Armed men stormed the headquarters of Libya’s National Oil Company in Tripoli, engaging guards in a deadly gun battle with at least one large blast going off in an apparent suicide attack.
At least two of the company’s staff were killed and 10 wounded, the health ministry said.
Two gunmen also died in the attack on Monday as security forces fought to regain control of the key building in the centre of the Libyan capital.
“The security services are looking for gunmen in the building, but our priority is to evacuate the civilians stuck inside,” said Ahmed Ben Salem, a spokesman for the Deterrence Force, a militia that operates as Tripoli’s police force.
“The situation is under control,” he added.
According to the Tripoli government’s interior ministry, the bodies of at least two attackers were found inside the building.
“A total of six perpetrators appear to have attacked the building where they took a number of hostages,” Interior Minister Abdulsalam Ashour was quoted as saying by Al-Ahrar television channel.
The Deterrence Force labelled the incident a “terrorist” attack and posted on its Facebook page photos it said showed remains of suicide bombers. The explosion rocked the building soon after the attackers went in, starting a fire that swiftly spread through the lower floors. No group claimed the attack so far.
“The building was heavily damaged due to the fire. Smoke is everywhere,” the head of the company, Mustafa Sanallah, told a Libyan television channel.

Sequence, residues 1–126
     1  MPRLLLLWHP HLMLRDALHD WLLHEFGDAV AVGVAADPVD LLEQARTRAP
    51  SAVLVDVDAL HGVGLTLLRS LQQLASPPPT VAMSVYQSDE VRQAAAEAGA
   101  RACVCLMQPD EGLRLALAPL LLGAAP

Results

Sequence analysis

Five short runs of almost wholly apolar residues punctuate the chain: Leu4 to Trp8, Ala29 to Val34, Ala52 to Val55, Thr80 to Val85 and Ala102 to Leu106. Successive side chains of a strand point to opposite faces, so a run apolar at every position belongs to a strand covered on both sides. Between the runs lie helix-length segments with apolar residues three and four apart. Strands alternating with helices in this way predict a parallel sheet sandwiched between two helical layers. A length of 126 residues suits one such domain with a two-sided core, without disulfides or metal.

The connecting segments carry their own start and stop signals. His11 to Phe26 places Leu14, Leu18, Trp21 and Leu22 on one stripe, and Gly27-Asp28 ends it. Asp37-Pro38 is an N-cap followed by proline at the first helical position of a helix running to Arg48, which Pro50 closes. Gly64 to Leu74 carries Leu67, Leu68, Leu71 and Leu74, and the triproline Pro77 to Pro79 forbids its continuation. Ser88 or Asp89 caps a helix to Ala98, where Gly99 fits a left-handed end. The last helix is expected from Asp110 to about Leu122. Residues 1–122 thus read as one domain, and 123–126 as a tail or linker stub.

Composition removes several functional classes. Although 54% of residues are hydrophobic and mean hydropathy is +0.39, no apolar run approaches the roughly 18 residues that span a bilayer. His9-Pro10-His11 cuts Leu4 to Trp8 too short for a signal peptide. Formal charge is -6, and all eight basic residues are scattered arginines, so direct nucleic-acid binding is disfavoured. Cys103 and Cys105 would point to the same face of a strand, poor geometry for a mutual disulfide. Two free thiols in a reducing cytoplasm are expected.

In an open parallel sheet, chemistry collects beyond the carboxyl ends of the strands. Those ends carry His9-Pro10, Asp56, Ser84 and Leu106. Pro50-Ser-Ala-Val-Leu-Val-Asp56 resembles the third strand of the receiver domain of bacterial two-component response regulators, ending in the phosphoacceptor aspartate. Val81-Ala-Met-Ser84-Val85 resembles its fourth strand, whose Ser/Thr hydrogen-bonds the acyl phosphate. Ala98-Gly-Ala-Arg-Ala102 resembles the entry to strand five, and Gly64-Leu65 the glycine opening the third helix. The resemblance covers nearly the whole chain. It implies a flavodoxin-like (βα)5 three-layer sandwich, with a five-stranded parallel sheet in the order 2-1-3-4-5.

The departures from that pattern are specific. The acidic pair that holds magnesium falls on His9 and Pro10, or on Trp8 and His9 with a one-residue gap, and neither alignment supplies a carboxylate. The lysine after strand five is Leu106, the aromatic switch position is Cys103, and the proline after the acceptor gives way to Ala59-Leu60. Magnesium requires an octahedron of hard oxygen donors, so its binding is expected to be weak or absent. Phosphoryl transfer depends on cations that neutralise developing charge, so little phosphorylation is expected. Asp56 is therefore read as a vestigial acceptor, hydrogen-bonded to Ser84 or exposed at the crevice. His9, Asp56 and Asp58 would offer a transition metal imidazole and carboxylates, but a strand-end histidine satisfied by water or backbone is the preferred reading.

“The gunmen attacked the lower floors with random shooting and explosions. It’s a very violent attack.”
Sanallah confirmed to the Libya 218 news channel that staff members had been killed and others wounded, some of whom were in “serious condition”.
An NOC staff member, who said he jumped out of a window to flee, told Reuters news agency on condition of anonymity “several people were shot” during the attack.
Al Jazeera’s Mahmoud Abdelwahed, reporting from Tripoli, said there was a “state of panic” following the brazen assault.
“The masked men were armed with automatic rifles when they stormed the main gate of the building. They shot at the security guards and used hand grenades,” he said, citing security officials.
Monday’s attack came less than a week after a fragile truce suspended fierce clashes between rival armed groups in Tripoli.
Days of fighting in the capital left at least 63 people dead.
Libya has remained dogged by turmoil since 2011, when a bloody NATO-backed uprising led to the ouster and grisly death of long-serving leader Muammar Gaddafi after more than four decades in power.
Since then Libya’s stark political divisions have yielded two rival seats of power – one in Tobruk and another in Tripoli – and a host of heavily armed groups.
In May, fighters affiliated with Islamic State of Iraq and the Levant (ISIL) claimed a deadly attack on the national election commission offices in Tripoli.
The group also said it was behind an attack in 2015 on the Corinthia hotel, a landmark location in Tripoli.